BIC teachers begin professional development
The students of Buffalo Island Central may have gotten out of school June 4, but teachers were just beginning as the district's professional development for certified staff kicked off June 10.
Dr. Kima Stewart, West Elementary principal, and Nicole Stewart, East Elementary principal, both explained that Tuesday, June 10, Wednesday, June 11, and Thursday, 12 certified staff K-12 participated in the first scheduled professional development for the district. Tuesday the district's math and literacy coaches took K-12 staff members through curriculum alignment and pacing guides, while Jay Glass, Matthew Sills and Nancy Spencer talked to staff members about technology and everything Google on Wednesday. The week ended with Lynette Thetford and Cissy Lindley, teachers from the Rogers Public School District, sharing ideas of how to promote reading. More professional development is planned throughout the summer and in August prior to the start of the new school year.
"Public schools are navigating a time of change right now all across America with the Common Core curriculum changes that have been made, the new PARCC assessments, and the new teacher assessment system called TESS," Dr. Stewart explained. "There has never been a time at least in Arkansas education where purposeful and targeted professional development has been so important. With the TESS assessment teachers now get a level of performance evaluation similar to what students get."
Dr. Stewart explained teachers will be evaluated as distinguished, proficient, basic or below basic. She went on to say a portion of that level of performance is measured by students.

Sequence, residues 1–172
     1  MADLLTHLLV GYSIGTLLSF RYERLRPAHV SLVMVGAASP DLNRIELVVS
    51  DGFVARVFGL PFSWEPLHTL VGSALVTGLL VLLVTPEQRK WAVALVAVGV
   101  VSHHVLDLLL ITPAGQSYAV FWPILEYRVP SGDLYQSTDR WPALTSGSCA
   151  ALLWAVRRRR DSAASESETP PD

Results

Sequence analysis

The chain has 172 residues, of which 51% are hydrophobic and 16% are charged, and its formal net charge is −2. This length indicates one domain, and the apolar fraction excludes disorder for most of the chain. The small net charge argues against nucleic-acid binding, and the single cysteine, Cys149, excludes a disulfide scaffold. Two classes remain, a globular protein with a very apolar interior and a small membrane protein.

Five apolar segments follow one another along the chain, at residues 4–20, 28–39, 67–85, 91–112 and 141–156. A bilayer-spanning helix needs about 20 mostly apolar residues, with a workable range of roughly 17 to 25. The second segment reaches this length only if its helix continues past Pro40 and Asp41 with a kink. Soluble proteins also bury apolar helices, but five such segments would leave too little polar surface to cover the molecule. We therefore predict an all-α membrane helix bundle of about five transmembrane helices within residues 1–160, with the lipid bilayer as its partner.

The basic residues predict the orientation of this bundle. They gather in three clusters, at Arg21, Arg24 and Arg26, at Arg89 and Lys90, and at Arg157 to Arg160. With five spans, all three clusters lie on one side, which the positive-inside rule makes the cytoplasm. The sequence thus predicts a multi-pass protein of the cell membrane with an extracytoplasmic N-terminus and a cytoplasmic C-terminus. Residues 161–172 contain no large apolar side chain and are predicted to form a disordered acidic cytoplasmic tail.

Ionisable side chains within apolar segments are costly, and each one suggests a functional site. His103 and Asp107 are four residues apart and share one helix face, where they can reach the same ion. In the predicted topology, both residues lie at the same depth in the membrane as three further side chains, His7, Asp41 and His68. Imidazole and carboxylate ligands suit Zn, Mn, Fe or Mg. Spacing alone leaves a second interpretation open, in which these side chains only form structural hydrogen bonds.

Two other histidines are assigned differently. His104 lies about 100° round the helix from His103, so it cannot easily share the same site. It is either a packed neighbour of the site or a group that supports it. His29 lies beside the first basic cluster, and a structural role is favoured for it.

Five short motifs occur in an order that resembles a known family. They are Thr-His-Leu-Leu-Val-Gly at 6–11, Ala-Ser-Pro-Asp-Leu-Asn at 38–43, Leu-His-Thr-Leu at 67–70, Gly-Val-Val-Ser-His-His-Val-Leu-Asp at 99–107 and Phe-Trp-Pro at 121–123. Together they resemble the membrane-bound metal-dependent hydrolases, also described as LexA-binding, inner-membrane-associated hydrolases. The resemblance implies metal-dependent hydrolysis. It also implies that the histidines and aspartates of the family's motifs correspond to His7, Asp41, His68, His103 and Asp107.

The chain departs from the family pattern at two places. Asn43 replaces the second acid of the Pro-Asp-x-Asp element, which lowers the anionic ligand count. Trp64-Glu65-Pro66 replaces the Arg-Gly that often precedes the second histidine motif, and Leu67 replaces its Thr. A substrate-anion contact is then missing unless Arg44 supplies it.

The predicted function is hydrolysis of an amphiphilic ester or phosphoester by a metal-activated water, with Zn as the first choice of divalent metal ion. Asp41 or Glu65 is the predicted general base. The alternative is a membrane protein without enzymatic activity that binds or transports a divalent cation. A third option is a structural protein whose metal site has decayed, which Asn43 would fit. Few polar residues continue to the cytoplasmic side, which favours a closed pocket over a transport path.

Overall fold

"Auxiliary staff such as coaches, art teachers, music teachers are judged by the literacy performance of the student in the school district," Dr. Stewart said. "So now everybody is a reading teacher, which is what today (Thursday, June 12) is about. We are on four campuses so it is very important for us to bring some unity and similarity - not identical - to our district. Now is the time for that with the Common Core."
With more than 100 computers and Chrome books being added to the district this year the technology program was very important. Teachers learned Google Talk, Google Share, Google Docs and more.
"I really think the Google workshop has been very beneficial," special education teacher Janice White said. "I have really enjoyed sharing ideas and learning with my fellow teachers."
"The All Things Google workshop was great," Rosemary Clester, elementary science teacher, said. "We are moving to using Goggle more in our district and I enjoyed learning how to contact parents through Google so they can be more involved in their child's education. Using the Chrome books with the educational apps that are available, my students will be able to use those in my science class. I also believe with the Common Core curriculum the Chrome books and their apps will help with that as well."